Stephen Kogon Is Set To Make His Film Debut As The Star Of “Dance Baby Dance” A Charming – Albeit A Bit By-The-Numbers – Inspirational Story

By William Engel

The film follows Jimmy Percer (Kogon), an aging tap dancer who seeks to enter an international dancing competition. On one hand, he has plenty of people in his corner, including his wife, Tess (Beverly Mitchell), his boss, Mr. Dalyrmple (Jim O’Heir), and his niece, Kit (Hayley Shukiar). On the other hand, a few obstacles stand in his way; for one thing, the entrance fee is pretty steep. He asks Hector, the owner of his dance studio (Carlos Alazraqui) to sponsor him, but Hector’s more interested in sponsoring younger, fitter talent. To make matters worse, Jim suffered a leg injury a couple years prior, so entering the contest may not be medically advisable.

Plot-wise, the film is nothing special, and it hits all the notes you’d expect it to. Jimmy perseveres even though not everyone believes in him, his friends and family start beckoning him to back out when things look their bleakest, and he ignores all the naysayers and powers through out of sheer force of will; it’s every underdog story you’ve ever heard.

The film is notable, however, for its performances. Kogon and Mitchell are both lovably goofy in the lead roles, and their chemistry is absolutely adorable. Every other scene they share has them trading playful barbs and giggling over each others’ antics, giving off the impression that they’re best friends on top of being happily married. The budding friendship between Jimmy and Kit is just as precious to watch.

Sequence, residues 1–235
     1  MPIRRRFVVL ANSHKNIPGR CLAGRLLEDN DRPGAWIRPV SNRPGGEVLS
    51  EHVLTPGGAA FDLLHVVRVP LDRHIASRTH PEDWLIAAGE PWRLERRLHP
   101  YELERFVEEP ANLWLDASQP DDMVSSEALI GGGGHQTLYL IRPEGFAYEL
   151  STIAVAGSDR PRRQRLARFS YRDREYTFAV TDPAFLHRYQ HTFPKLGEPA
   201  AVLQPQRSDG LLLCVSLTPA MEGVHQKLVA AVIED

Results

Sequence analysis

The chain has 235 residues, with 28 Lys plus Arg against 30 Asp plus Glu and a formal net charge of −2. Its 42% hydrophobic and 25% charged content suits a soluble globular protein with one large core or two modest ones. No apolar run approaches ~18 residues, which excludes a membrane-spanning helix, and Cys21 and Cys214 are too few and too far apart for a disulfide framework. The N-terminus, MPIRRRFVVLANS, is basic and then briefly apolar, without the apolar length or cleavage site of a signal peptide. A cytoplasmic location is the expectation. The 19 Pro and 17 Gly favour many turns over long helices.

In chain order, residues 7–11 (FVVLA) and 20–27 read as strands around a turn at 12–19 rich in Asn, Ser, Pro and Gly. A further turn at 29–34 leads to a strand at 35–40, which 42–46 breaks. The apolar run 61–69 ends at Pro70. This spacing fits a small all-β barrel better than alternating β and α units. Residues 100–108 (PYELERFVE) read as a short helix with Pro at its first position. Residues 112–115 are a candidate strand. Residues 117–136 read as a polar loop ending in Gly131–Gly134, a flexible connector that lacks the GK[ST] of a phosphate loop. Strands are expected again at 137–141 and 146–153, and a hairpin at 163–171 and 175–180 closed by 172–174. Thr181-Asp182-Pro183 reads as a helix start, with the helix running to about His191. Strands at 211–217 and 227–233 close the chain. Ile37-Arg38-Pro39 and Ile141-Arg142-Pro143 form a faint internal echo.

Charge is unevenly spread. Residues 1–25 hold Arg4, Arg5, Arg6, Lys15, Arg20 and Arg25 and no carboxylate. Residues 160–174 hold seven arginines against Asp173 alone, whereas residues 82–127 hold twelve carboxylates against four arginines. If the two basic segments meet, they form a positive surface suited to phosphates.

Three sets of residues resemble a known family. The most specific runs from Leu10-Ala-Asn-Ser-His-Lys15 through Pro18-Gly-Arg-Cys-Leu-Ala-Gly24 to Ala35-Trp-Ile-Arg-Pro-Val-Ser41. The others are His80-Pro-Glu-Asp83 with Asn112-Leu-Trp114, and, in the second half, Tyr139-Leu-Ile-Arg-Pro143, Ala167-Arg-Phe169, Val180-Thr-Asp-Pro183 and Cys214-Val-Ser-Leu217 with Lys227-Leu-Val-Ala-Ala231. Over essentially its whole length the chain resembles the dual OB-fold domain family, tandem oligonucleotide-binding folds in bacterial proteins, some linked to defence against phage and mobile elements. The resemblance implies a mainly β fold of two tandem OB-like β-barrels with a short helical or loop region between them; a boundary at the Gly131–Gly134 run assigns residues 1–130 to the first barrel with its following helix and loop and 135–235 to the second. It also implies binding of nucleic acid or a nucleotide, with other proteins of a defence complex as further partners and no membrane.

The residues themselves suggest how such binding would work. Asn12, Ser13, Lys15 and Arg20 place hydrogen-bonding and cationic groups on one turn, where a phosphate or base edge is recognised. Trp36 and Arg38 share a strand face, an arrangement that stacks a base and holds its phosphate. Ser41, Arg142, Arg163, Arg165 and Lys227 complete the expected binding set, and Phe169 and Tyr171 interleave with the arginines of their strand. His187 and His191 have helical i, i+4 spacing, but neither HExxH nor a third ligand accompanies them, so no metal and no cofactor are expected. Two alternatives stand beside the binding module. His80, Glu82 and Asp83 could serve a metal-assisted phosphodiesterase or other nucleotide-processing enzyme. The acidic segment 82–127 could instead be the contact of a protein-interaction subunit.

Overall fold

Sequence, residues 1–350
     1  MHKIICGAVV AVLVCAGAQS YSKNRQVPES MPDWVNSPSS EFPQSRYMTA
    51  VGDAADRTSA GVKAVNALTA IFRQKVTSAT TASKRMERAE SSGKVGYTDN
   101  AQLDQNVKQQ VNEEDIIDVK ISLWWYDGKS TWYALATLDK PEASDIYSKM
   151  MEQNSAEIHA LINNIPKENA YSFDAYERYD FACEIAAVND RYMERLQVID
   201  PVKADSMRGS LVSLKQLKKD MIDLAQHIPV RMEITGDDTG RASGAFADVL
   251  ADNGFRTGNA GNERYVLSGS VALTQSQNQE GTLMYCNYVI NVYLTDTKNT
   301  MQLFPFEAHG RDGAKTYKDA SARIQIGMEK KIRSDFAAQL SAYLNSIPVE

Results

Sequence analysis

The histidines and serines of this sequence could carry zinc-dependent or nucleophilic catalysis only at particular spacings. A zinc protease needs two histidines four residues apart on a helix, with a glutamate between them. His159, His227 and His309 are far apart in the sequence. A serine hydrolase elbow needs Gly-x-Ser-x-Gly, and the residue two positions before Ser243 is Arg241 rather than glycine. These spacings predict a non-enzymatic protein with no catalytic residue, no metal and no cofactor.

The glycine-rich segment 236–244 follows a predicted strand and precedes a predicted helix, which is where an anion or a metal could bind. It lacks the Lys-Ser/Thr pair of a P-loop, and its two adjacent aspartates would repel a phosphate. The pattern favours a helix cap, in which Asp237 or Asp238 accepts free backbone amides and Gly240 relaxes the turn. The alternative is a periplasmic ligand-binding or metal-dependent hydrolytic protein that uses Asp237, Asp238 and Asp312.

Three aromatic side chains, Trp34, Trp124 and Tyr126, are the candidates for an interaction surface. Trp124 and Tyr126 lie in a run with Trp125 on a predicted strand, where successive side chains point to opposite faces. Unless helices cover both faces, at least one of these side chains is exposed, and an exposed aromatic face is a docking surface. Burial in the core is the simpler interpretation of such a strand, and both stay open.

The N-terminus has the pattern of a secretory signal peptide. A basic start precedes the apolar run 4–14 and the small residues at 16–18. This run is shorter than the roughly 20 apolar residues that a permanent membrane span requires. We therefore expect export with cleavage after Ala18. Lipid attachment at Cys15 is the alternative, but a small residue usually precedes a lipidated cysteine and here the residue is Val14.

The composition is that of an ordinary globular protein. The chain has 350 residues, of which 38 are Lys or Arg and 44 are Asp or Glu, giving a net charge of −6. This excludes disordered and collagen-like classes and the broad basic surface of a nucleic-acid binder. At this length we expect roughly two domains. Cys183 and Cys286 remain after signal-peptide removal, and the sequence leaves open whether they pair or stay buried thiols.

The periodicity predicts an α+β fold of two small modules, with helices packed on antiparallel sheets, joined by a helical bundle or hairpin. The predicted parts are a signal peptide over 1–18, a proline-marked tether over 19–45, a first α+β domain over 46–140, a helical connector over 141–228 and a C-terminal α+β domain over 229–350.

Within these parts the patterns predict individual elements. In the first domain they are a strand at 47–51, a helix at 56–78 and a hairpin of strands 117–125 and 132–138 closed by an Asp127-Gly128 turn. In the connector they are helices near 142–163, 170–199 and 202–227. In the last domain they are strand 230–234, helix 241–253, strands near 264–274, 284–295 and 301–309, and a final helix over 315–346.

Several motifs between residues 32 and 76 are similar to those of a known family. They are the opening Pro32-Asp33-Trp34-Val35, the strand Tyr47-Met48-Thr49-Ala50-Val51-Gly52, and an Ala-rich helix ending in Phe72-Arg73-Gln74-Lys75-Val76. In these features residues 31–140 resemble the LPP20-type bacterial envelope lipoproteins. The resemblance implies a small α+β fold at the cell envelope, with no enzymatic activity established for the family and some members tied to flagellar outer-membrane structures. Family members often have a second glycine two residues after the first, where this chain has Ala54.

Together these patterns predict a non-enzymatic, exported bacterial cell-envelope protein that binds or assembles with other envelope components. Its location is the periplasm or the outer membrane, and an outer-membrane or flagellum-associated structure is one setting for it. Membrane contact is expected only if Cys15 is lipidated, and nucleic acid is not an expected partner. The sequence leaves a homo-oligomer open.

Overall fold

The supporting actors shine just as brightly. Alazraqui is entertaining as the film’s quasi-villain, delivering some hilariously audacious lines. (When Hector sees the standoffish Kit staring at him, he bursts out with, “Why is this muppet staring at me? She’s giving me the willies.”) And while his role in the film is relatively minimal, O’Heir is quite endearing as Jimmy’s pragmatic-yet-understanding boss.

I would also be remiss not to mention the soundtrack. Rather than sticking to old standards, the filmmakers went out of their way to look for underrated gems. Jimmy’s big dance number is underscored with “Miss Me”, a sunny slice of retro R&B from little-known soul singer Raquel Rodriguez, and it gels perfectly with Jimmy’s peppy, playful dance style.

In short, “Dance Baby Dance”, while nothing revolutionary, is a delightful story that’s sure to leave a smile on your face by the final act.

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